Give Peace a Chance

According to the 2011 U.S. Peace Index, the most peaceful state in America is Maine. Michigan ranked 31, a slightly less peaceful place than Alaska. The index defines peace as “the absence of violence” and uses a set of five indicators, including homicide rates, violent crimes, percentage of the population in jail and the number of police officers and availability of small arms (per 100,000 people) to rank the states. The data was drawn from the Bureau of Justice Statistics, Federal Bureau of Investigation and Centers for Disease Control and Prevention. Related story

In Michigan, Dr. Harding says we spend more on incarceration than we do on higher education. That’s a sobering fact in light of the proposed cuts to education in Gov. Snyder’s budget plan. Perhaps the tentacles of legislation will reach deeper into our communities than we can predict today, possibly affecting future rates of violence.

To find out more about Dr. Harding’s research, read his book Living the Drama: Community, Conflict, and Culture Among Inner City Boys. He can be reached via email.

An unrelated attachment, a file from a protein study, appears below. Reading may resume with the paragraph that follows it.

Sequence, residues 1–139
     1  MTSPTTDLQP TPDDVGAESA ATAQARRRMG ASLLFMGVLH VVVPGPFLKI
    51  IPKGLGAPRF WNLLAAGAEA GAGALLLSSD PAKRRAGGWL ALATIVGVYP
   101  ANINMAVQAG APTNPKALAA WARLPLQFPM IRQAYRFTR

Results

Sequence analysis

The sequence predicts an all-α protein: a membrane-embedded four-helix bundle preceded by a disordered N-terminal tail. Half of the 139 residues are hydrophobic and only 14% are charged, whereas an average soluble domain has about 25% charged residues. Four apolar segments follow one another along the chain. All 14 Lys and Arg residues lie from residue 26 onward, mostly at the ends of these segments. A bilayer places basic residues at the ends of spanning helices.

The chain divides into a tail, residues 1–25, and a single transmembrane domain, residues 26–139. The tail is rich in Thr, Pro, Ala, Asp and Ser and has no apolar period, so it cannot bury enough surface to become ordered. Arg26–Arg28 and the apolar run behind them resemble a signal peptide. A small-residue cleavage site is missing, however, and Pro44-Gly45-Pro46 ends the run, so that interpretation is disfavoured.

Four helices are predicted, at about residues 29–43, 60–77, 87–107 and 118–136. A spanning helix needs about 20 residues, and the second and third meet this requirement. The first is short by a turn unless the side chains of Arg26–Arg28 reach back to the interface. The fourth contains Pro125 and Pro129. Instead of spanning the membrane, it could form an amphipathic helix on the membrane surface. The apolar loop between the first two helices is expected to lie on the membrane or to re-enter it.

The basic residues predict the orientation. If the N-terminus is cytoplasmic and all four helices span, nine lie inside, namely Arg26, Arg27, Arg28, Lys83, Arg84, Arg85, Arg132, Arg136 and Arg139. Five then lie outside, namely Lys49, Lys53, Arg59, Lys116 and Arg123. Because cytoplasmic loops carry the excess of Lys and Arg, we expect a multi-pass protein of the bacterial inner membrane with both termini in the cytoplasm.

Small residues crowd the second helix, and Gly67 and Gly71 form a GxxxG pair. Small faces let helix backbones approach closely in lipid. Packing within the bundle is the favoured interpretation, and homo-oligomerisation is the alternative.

>> More Motor City Musing With Vicki Briganti

  • Rosemary Doyle

    Interesting article! Youth violence is not something that is brought to our attention often enough. Dr. Harding’s research makes it clear that some rather
    uncomplicated interventions are available to keep youth off the streets. One that
    he mentiioned, also, was extending the school day or at least changing the school attendance hours. This is working in some areas. Thank you Vicki for
    writing this blog on youth violence.

  • Colleen Mills

    Thank you so much for attending our Citizens for Peace meeting on Youth Violence.
    I’m going to print your excellent article and take it to Senator Stabenow’s office when our members visit to discuss the impact a Department of Peace would have on all forms of violence, including youth violence. I’m taking the information on the US Peace Index and requesting that the Senator share the information with her colleagues. Thank you for the great work you are doing Vicki.